What is in this article?:
- Beef's 'green' story hasn't caught on
- Grass-fed mantra
- “What I am ‘anti’ is mis-marketing and the perceptions that are passed on to the consumer about what is and isn’t environmentally friendly.”
Yet that story hasn’t caught on. “The consumer often hears that grass-fed must be best,” she said. Capper and her research team analyzed and compared the environmental impact of three beef production systems: conventional, natural and grass-fed.
Looking at conventional, with its growth-enhancing technologies like implants and ionophores, versus natural production, cattle in the latter system take more days to finish.
“Animals that grow faster and weigh more cut the environmental impact,” she said. That’s magnified when comparing conventional to grass-fed, as average days from birth to harvest increase by 226 and carcass weights drop by 185 pounds.
“To convert to an entirely grass-fed system, we’d need to more than double the number of the cows in the United States today just to maintain beef supply,” Capper said. Land use would increase by 131 million acres, equivalent to 75 percent of the area of Texas, and water use would skyrocket by 468 billion gallons.
Capper showed several highly publicized studies containing suspect assumptions about the modern beef industry.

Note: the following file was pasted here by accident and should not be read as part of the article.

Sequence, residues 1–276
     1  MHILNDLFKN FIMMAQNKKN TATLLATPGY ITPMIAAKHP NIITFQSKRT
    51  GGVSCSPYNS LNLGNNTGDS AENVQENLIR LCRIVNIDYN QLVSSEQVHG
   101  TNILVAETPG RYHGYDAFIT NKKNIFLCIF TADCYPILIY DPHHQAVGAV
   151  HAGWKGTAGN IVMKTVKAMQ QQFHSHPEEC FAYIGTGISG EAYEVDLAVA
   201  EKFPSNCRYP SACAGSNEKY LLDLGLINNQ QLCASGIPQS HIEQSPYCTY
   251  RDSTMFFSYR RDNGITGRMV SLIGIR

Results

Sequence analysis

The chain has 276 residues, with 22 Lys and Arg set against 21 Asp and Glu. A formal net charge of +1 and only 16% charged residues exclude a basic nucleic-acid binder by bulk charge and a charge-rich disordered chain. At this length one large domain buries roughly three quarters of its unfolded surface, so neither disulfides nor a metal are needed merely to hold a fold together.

“This is very dangerous because it’s put out there as fact in an international science magazine,” she said of one example. “Potentially, it turns consumers away from beef.” Ranchers, stockers and feeders need to keep getting better, and talking about it.
Reducing mortality and morbidity is one step. “It’s important to keep having healthier animals. They’re going to gain better and grow faster,” she said.
Reproduction is another. “Only about 86 percent of cows have a live calf every year. If that was 90 percent, 95 percent or 99 percent, that would make a huge improvement in productivity,” Capper said. “If we improve our land, better grasses, better feed, those animals are going to grow faster.”
Good news is found in a recent study showing 94 percent of worldwide consumers either support or are neutral toward the use of technology in food production.
“Most consumers just want affordable, safe, nutritious food that tastes good,” she said.
To view Capper’s research go to http://wsu.academia.edu/JudeCapper/Papers.
For more information on the Certified Angus Beef ® brand Annual Conference, go to www.certifiedangusbeef.com.